A DCCC ad released in mid-September noted that April Becker, a Republican candidate for Nevada’s 3rd District, is one of Nevada’s House candidates who “wanted to join the ranks of congressional Republicans,” Trying to ban abortion nationwide, including Nevada.”
While Becker clearly wanted to be part of the congressional Republican caucus, the ad made no mention of her repeated commitment to vote against any federal abortion ban.
In an interview published five days before the DCCC ad began airing, NBC News quoted Becker as saying she would “absolutely not” vote for an abortion ban in the House because she believes the ban imposed by Congress is “unconstitutional.” This is not a new position for her. She also told a Nevada news show in July that she believed the federal abortion ban was “unconstitutional,” adding that because (in her interpretation) the Supreme Court said abortion was a matter for the states, “I don’t watch it. No idea how you could pass a law in Congress that would take it out of the states in good faith.”
FactCheck.org previously fact-checked another abortion-related DCCC ad on Becker.
Meanwhile, an ad released last week by the House Majority PAC, the primary outside spending entity for Democrats in the House race, featured a narrator who said Becker had the backing of “extremists” who would pass a national bill. Sexual abortion ban, “without exception” rape, incest or mother’s life. ”
But even the DCCC research paper on Becker notes that Becker herself has publicly supported all three exceptions — something she did on her website even during the Republican primary.
“Baker’s website has never changed on this topic,” Jeremy Hughes, Baker’s campaign general counsel, told CNN last week.
Susan B. Anthony Pro-Life America, the group cited in the House Majority PAC’s ad that says Becker has the support of anti-abortion “extremists,” told CNN last week that it supports a variety of Anti-abortion legislation, including a 15-week ban recently proposed by senators. Lindsey Graham includes all three exceptions, and it supports anti-abortion candidates who support all three.
The group also supports stricter anti-abortion laws than Graham’s proposal, including legislation that excludes all three exceptions. But again: Becker does support these exceptions.
The House Majority PAC ad, released in late September, targeted Republican candidate George Logan in Connecticut’s 5th District. “Washington Republicans are discussing a nationwide abortion ban, including in Connecticut, and George Logan will help them — vote for the Republican leadership who has pledged to do so,” the ad said.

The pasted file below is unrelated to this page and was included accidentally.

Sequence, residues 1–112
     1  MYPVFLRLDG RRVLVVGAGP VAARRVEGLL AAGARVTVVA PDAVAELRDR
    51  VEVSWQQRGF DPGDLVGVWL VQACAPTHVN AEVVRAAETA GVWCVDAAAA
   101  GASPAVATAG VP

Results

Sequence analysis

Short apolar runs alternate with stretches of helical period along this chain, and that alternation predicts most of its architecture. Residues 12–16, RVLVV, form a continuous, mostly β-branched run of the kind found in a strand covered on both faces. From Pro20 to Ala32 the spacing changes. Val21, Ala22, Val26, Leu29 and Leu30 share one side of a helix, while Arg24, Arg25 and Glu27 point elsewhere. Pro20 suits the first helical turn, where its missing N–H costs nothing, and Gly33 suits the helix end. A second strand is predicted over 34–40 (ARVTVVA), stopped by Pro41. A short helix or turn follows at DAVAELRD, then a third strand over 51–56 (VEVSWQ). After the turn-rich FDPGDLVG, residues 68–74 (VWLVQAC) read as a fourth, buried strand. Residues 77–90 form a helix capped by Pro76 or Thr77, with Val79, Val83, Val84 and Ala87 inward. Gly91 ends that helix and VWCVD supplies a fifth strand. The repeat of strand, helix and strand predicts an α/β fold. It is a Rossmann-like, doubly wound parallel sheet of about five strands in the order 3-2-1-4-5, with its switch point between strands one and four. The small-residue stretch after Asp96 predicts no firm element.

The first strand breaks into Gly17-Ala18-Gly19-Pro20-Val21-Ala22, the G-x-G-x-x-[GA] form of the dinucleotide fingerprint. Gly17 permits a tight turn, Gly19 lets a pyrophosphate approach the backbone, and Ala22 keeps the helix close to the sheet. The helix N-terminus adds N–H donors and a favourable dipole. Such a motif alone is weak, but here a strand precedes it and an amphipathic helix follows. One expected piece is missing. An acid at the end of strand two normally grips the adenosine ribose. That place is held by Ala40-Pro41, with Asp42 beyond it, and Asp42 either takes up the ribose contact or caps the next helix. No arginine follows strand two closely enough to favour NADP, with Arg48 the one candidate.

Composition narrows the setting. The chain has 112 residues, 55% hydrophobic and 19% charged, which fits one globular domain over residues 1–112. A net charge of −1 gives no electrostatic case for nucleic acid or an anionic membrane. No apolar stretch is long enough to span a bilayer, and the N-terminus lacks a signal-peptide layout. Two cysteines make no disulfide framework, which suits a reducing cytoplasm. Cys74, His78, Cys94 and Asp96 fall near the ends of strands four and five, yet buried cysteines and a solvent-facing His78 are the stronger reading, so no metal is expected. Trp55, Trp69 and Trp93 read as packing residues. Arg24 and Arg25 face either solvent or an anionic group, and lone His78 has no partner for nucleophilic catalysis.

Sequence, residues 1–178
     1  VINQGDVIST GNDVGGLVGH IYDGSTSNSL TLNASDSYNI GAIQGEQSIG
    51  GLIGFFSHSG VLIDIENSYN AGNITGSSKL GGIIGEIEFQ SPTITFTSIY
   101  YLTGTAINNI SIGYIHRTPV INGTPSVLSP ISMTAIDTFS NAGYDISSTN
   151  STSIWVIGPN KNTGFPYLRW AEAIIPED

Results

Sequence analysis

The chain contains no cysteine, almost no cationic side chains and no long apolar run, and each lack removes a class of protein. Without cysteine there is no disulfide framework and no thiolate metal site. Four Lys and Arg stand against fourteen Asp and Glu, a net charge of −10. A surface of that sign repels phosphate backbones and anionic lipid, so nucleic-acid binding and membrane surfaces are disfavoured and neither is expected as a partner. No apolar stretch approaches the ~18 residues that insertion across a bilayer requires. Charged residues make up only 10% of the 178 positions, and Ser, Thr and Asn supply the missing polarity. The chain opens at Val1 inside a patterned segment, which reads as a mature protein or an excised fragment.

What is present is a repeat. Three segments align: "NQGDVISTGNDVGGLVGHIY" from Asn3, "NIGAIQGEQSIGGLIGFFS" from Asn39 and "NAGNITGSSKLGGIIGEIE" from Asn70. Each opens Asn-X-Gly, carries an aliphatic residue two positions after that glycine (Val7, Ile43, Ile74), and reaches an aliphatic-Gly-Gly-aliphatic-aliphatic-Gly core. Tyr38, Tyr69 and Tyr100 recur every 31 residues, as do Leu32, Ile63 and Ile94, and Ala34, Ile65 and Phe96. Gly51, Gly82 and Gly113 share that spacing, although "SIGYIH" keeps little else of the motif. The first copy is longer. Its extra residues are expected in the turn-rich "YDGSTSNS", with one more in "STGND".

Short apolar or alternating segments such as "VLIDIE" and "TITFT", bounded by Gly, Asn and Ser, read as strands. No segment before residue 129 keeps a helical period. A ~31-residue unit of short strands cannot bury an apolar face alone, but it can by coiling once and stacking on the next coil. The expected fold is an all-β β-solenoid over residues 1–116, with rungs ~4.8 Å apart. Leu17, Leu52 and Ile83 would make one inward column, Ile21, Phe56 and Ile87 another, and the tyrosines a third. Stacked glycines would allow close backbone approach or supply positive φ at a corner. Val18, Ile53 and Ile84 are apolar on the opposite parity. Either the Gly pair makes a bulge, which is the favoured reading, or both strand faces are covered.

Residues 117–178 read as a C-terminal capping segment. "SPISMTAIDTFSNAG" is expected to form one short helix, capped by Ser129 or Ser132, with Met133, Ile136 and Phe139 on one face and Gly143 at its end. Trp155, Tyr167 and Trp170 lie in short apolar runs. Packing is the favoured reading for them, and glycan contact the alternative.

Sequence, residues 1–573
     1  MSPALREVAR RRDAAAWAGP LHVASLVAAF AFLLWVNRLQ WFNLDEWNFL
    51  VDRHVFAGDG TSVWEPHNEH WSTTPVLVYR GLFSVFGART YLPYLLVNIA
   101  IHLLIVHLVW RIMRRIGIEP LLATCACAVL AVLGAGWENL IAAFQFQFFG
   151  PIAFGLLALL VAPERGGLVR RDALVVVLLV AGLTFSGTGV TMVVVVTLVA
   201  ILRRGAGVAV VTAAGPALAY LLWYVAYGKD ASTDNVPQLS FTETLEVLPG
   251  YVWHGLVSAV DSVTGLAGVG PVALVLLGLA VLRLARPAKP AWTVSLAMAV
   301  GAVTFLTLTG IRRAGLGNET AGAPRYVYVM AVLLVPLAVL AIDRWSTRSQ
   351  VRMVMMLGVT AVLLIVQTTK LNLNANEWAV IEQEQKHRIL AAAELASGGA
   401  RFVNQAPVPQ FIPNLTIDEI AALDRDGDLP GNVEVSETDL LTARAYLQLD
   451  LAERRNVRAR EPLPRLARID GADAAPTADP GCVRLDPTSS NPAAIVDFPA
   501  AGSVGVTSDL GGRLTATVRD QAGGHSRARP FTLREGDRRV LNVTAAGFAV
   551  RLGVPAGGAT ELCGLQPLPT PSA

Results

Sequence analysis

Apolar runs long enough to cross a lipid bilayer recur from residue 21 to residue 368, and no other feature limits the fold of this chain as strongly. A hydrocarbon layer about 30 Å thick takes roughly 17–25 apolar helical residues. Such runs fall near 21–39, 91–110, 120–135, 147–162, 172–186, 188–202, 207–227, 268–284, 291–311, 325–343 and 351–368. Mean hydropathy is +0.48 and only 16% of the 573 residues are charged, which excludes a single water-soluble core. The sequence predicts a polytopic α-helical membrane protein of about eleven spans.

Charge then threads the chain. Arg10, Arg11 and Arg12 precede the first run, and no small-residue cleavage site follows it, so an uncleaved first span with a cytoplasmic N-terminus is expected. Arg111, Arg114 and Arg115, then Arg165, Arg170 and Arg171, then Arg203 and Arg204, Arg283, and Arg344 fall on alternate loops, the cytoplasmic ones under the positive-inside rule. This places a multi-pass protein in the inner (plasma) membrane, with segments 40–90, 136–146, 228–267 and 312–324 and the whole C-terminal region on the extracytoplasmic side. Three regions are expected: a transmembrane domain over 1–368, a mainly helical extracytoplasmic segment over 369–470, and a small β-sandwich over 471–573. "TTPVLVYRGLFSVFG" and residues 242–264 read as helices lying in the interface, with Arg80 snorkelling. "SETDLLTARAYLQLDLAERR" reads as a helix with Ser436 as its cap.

The ad did not mention that Logan himself has repeatedly expressed support for abortion rights and opposition to a national abortion ban.
More than a week before the ad was released, CT Mirror reported that Logan said: “I don’t support a state ban. I think it should be up to the states. Right here in Connecticut, we’ve codified women’s right to choose. That’s what I support. “I think abortion should be safe, legal, and most importantly rare,” Logan said of abortion in a July interview, CT Insider reported; he added in July, He was “strongly opposed to late-term abortions,” but later said in an interview that he would even support those abortions for medical reasons.
In an interview with CT examiners in October, Logan said he favors a parental notification policy when minors seek abortions. But he also said, “I support women’s right to choose, but I think it should be safe, legal and rare. I don’t support late-term abortion out of convenience. I’m not talking about when there’s a medical emergency or anything like that. .”
Likewise, we cannot explicitly declare what Logan “would” do in the office. Again, this ad was written to avoid making it clear that Logan personally wants to ban abortions nationwide. But the ad certainly fails to acknowledge Logan’s repeated statements that he supports abortion rights in most cases.
House Majority PAC stands by its ads about Logan and Becker. Communications Director CJ Warnke argued in an email to CNN that both candidates have the backing of anti-abortion extremists and will “wholeheartedly support Kevin McCarthy and the Republican leadership’s efforts to implement a national abortion ban.” try”.
Logan’s campaign general counsel Liz Kurantovich said in an email that Democrats are trying to take a “one-size-fits-all” approach to the campaign, although “it won’t work for George Logan.” “For Democrats, the troubling fact remains that George has long supported women’s right to choose,” she said.